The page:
Although Madison, Jefferson, and Hamilton eventually reached a compromise that authorized the funding of the national debt, there can be no doubt that Jefferson and Madison stood firmly on sound constitutional footing. They were indeed correct that any proposed rupture of the proper boundaries placed on congressional power, no matter who be the source of such a suggestion, was dangerous, tended toward tyranny, and was contrary to the spirit and letter of the supreme law of the United States--the Constitution.

Duel at Weehawken

At the conclusion of the rancorous presidential election of 1800, neither John Adams (the incumbent president), Thomas Jefferson, nor Aaron Burr received a majority of the votes in the electoral college. Therefore, the House of Representatives was called upon to settle the matter. The House was hopelessly split, but after 36 tied votes Hamilton decided to throw his considerable weight in favor of Jefferson, despite their recent clash over the bank.

This resulted in the election of Jefferson by one vote on the 37th ballot. Burr was insulted and carded a consuming grudge against Hamilton. Hamilton explained that he supported Jefferson, his erstwhile enemy, over Burr because "at least Jefferson was honest." This comment, along with veiled insults reportedly spoken by Hamilton in private and later reported in newspapers, added the proverbial insult to injury and Burr demanded an apology. Hamilton refused to apologize and after several attempts to ameliorate the situation, Burr challenged Hamilton to a duel.

On July 11, 1804, Hamilton, Burr, their seconds, and a physician met secretly (for dueling was illegal in most states) on a promontory in Weehawken, New Jersey. The exact sequence of events is still disputed, but the results are irrefutable: Burr shot Hamilton and the ricocheting ball ripped into Hamilton's internal organs, causing mortal wounds. Hamilton died the next day in Manhattan. Aaron Burr, charged with murder, fled west to escape punishment. Tragically, Hamilton's eldest son, Phillip, was killed in a duel just two and a half years earlier while defending his father's honor.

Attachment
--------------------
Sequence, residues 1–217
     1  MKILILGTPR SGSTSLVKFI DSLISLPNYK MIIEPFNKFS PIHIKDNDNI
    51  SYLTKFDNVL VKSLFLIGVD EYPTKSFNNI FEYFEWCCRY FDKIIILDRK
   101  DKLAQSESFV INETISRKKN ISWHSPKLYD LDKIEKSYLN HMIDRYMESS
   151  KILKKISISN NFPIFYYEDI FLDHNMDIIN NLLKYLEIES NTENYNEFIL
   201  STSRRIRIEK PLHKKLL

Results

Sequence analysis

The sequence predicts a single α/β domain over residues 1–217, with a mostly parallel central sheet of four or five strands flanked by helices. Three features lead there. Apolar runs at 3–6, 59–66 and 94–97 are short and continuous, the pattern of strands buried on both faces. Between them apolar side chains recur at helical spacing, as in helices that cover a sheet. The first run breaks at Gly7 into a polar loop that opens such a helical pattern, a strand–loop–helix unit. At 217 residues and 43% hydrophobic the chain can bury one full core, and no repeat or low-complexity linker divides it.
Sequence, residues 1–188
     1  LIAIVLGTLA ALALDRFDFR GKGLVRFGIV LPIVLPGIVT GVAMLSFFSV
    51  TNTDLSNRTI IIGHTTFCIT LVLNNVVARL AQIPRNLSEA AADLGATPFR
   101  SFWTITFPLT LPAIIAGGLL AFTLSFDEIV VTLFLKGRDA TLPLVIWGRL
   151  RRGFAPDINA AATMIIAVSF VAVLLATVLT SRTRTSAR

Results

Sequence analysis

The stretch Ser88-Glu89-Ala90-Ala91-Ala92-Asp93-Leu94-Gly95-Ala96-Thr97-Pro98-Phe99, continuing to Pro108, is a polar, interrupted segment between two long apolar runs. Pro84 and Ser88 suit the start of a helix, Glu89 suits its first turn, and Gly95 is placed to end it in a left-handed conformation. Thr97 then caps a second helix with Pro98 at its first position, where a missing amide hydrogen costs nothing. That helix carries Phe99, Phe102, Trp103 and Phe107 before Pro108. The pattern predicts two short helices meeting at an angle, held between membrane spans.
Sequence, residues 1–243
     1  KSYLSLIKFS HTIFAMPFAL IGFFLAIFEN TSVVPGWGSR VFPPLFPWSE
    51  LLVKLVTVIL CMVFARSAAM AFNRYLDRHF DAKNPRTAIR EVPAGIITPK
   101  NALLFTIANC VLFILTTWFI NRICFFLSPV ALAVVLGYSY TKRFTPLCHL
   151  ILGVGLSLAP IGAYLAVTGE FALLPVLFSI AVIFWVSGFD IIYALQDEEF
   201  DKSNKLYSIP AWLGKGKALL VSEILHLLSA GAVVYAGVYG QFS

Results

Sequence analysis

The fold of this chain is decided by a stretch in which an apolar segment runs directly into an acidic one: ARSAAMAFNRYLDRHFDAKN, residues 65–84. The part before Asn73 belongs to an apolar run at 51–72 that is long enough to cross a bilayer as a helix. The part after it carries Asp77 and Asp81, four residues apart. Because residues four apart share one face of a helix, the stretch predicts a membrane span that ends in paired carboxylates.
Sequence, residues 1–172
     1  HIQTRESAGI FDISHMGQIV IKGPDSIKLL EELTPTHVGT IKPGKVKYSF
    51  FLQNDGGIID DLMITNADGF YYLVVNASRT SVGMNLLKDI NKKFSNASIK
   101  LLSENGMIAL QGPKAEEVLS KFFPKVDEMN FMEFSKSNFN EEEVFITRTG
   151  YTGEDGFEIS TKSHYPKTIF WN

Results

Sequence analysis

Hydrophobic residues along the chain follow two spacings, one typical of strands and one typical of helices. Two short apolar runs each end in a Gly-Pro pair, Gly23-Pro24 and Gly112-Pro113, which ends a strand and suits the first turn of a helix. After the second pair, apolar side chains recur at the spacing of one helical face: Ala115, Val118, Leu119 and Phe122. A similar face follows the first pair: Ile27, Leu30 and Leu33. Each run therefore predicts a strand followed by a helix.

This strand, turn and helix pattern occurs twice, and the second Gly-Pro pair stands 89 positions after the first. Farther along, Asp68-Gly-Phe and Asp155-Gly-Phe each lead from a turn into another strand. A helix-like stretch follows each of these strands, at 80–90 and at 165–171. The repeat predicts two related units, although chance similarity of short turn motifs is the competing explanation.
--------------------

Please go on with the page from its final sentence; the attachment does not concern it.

A Commendable Legacy

When weighed in the balance, Alexander Hamilton's contribution to the permanent establishment of American freedom is commendable. From an early age, he recognized the value of hard work and fireless study. Although born into difficult circumstances, Hamilton knew that he could overcome any obstacles by taking advantage of every opportunity to demonstrate his remarkable talents.

Upon arriving in America, Hamilton quickly espoused the cause of liberty and fought and served honorably in the Continental Army. After aiding the creation of American self-government by throwing off the chains of British oppression, Hamilton recognized the need for a strong, dynamic government compared to the ineffective one existing under the Articles of Confederation, and he attended the Constitutional Convention of 1787 hoping to help provide a remedy to the malady of instability. Later, he was instrumental in achieving ratification of the glorious fruit of that assembly.

Modern Americans would be well-advised to emulate Alexander Hamilton's dedication to education, love of liberty, and fierce determination to preserve the freedom of this mighty republic.
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Author:Wolverton, Joe, II
Publication:The New American
Article Type:Biography
Geographic Code:1USA
Date:Mar 20, 2006